"With these two things I get by as best I can, but thanks to these two things I don't lose hope."he concluded. It seems that this Via Crucis was given to him by a South American bishop, now deceased, as a sign of his filial union with the Bishop of Rome.

Martyrs in Uganda

The visit to the Shrine of the Martyrs of Namugongo, the center of Catholicism in Uganda, marked the Pope's trip. There he also referred to peace: "The witness of the martyrs our, to all who have known their story, then and today, that worldly pleasures and earthly power give neither joy nor lasting peace. Rather, fidelity to God, honesty and integrity of life, as well as genuine concern for the good of others, lead to that peace which the world cannot offer." 

In this place, where Catholic and Anglican martyrs are venerated, the Pope showed with concrete gestures his closeness in prayer to all Ugandans.

Central African Republic: Forgiveness

The visit to the Central African Republic was not confirmed until the last moment, since there was a real security problem due to the conflict between Muslim and Christian groups in a large part of the country. The cathedral of Bangui, capital of the Republic, became for one day the center of Christianity.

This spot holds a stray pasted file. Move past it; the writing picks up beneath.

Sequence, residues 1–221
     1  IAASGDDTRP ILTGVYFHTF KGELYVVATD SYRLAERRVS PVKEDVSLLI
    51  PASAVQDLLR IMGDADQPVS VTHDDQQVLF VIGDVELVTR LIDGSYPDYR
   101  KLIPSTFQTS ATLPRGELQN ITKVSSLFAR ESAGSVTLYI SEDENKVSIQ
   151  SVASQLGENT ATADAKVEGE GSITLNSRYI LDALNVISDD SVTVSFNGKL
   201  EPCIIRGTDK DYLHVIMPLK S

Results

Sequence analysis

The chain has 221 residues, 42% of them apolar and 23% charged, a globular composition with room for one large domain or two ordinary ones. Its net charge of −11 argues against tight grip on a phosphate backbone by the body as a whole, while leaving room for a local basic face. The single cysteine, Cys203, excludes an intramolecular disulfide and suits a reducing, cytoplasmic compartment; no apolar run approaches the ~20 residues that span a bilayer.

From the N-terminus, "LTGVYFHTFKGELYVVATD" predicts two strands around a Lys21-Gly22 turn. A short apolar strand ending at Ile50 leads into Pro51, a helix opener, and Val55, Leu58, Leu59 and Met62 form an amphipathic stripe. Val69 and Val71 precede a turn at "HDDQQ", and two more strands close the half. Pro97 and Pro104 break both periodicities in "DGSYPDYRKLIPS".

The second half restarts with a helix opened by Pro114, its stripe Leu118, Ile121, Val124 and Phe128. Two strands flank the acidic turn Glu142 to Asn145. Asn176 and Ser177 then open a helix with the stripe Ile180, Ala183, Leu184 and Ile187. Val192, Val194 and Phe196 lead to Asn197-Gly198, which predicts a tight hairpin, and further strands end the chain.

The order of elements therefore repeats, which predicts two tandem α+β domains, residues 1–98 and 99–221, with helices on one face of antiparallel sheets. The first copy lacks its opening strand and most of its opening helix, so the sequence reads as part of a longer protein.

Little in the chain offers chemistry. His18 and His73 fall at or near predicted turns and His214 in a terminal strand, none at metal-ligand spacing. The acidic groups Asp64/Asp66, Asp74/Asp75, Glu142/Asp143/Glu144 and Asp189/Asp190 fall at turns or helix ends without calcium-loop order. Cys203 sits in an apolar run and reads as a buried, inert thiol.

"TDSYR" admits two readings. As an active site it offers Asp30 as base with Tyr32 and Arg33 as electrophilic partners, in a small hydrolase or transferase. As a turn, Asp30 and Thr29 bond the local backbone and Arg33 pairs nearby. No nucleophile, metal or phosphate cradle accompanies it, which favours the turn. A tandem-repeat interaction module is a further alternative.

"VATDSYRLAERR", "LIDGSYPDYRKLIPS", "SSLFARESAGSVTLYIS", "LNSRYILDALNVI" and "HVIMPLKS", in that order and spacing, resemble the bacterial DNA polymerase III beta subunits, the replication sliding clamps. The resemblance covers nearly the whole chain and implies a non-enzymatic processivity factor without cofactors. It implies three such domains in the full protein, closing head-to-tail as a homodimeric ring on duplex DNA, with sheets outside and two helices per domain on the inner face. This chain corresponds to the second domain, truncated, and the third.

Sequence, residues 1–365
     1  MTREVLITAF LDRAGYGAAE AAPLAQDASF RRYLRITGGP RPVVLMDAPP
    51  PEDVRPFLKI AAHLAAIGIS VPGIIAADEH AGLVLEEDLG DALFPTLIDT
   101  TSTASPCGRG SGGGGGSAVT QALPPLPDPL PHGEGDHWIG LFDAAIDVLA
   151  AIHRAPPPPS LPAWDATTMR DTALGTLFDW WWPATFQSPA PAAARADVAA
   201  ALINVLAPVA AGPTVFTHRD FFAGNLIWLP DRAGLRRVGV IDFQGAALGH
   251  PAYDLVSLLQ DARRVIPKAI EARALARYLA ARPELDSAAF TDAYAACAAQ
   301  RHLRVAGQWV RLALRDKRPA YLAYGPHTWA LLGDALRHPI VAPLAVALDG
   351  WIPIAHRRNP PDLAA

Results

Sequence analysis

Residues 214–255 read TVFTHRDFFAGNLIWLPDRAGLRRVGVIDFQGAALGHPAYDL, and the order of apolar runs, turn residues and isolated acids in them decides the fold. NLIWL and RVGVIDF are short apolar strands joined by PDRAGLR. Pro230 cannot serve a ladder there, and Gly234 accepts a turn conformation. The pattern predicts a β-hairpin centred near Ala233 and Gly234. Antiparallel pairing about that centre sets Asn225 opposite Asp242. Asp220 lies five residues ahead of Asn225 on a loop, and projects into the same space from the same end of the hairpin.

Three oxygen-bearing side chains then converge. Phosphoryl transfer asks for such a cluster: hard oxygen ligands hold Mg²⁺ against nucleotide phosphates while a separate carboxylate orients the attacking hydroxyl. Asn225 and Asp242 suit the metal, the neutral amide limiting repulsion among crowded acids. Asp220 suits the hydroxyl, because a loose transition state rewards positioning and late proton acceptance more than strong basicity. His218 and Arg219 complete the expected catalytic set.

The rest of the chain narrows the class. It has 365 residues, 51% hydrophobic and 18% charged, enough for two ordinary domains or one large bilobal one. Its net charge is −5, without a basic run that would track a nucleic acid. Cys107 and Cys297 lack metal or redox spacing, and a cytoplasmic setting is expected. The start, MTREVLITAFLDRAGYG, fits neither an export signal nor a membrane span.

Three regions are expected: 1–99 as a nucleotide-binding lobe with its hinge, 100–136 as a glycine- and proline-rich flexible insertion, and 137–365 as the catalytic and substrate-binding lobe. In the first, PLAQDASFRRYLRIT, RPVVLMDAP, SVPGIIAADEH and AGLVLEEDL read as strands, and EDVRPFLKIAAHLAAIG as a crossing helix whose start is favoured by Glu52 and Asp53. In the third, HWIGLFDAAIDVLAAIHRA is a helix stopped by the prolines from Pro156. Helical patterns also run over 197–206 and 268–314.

Pope Francis wanted to open the first holy door of the Holy Year of Mercy precisely where mercy and forgiveness may not reign. 

The Holy Father began the ceremony with this meaningful prayer: "Bangui today becomes the spiritual capital of the world. The Holy Year of Mercy comes early to this land. A land that for years has been suffering from war, hatred, misunderstanding, lack of peace. Let us ask for peace for Bangui, for the whole of the Central African Republic, for all the countries suffering from war, let us ask for peace"..

Egypt: ecumenism and martyrs

On his trip to Egypt, Pope Francis met with Pope Tawadros II, Patriarch of the Coptic Orthodox Church, and delivered a speech in which he gave new impetus to ecumenical relations between Catholics and Coptic Orthodox: "We are called to bear witness together to Jesus, to take our faith to the world.". Francis referred in particular to charity and the martyrdom suffered by Christians in many parts of the world as the main paths for ecumenical dialogue. 

He also recalled the memory of Christians who to this day continue to shed their blood for their faith in Egypt. "Even recently, unfortunately, the innocent blood of defenseless faithful has been cruelly shed: their innocent blood unites us." highlighted.

Authentic dialogue in Morocco

On his third trip, a few months ago, the Holy Father held a meeting with the Moroccan people, the authorities, civil society and the diplomatic corps, on the esplanade of the Hassan Mosque in Rabat. The Pope stressed that "To participate in the construction of an open, pluralistic and supportive society, it is essential to develop and constantly and unwaveringly adopt the culture of dialogue as the path to follow; collaboration as a way forward; reciprocal knowledge as a method and criterion". 

In the same vein, the pontiff encouraged "an authentic dialogue". in order to "not to underestimate the importance of the religious factor in building bridges between men".. "In respecting our differences, faith in God leads us to recognize the eminent dignity of every human being, as well as his inalienable rights.".

The authorEdward Diez-Caballero